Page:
More than 575 million US payments cards will feature EMV chip security by the end of next year, according to a trade body set up to push the migration from magstripe plastic.
Visa and MasterCard set out a roadmap for the introduction of chip cards back in 2011, with liability for fraud-related loses switching to retailers that have not upgraded their hardware in October 2015.
Despite this, many financial institutions were initially hesitant to commit to EMV because of uncertainty around retailer adoption of chip card point-of-sale terminals, questions about the viability of the business case for migration, and unresolved issues related to regulation and support for merchant routing choice.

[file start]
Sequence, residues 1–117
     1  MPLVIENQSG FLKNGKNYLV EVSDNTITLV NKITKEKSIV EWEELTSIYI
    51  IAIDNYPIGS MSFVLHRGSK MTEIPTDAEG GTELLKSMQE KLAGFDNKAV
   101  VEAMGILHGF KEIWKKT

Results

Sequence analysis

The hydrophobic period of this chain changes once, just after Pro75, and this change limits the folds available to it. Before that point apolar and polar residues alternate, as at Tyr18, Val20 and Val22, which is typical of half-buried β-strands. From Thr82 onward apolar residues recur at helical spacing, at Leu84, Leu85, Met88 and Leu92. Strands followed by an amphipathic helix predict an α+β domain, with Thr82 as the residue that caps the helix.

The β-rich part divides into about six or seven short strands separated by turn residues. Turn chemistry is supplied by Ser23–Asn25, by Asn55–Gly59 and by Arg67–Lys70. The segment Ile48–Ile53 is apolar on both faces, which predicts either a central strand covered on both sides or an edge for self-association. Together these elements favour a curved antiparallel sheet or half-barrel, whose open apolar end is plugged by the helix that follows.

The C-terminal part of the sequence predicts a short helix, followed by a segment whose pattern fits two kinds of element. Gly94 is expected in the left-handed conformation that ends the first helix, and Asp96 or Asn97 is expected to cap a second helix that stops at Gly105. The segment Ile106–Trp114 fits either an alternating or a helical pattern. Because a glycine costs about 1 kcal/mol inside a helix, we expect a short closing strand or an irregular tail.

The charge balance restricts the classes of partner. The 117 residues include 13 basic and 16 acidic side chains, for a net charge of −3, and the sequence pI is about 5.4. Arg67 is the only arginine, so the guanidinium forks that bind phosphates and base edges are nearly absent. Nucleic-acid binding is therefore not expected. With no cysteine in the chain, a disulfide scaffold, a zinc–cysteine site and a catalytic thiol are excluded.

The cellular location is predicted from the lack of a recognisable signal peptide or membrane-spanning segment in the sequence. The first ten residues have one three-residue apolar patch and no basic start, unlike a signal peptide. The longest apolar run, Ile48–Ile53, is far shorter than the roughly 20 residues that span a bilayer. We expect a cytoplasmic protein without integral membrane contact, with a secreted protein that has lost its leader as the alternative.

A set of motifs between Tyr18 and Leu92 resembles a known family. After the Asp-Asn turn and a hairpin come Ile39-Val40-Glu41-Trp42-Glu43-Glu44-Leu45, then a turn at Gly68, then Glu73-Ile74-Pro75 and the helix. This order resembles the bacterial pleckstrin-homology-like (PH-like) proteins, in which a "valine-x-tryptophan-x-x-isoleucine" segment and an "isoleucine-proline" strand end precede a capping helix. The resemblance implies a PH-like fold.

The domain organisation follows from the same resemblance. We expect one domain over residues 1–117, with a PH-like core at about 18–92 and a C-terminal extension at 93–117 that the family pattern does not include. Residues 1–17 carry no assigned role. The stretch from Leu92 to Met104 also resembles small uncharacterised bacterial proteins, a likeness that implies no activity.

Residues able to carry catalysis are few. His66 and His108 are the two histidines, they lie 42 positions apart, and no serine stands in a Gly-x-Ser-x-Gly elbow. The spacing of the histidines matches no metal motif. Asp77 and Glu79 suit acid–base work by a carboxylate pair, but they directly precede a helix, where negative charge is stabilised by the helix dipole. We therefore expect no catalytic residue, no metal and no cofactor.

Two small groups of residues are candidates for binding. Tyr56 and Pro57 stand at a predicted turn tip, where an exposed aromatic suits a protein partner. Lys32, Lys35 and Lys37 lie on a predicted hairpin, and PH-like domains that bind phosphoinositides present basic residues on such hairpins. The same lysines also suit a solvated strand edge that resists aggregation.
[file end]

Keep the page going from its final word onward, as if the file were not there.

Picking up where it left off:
Attitudes changed in the wake of the Target breach of late last year, which saw hackers infect POS devices and steal the details of around 40 million customer cards. Recent research from Pulse found that 86% of US financial institutions plan to begin issuing EMV-based chip cards within the next two years.
Now some of the biggest card issuers in the country have provided an update on their progress to the Payments Security Task Force (PST), a cross-industry group set up by Visa and MasterCard.
Between them, a group of nine PST members - Bank of America, Capital One, Chase, Citi, Discover, Independent Community Bankers of America, Navy Federal Credit Union, US Bank and Wells Fargo - forecast that half of their cards - 575 million - will be chip-enabled by the end of 2015.
Chris McWilton, president, North American markets, MasterCard, says: "The move toward enhanced security for cardholders and merchants is real and tangible. We're gaining alignment around the most significant challenges where the industry needs to have a common foundation."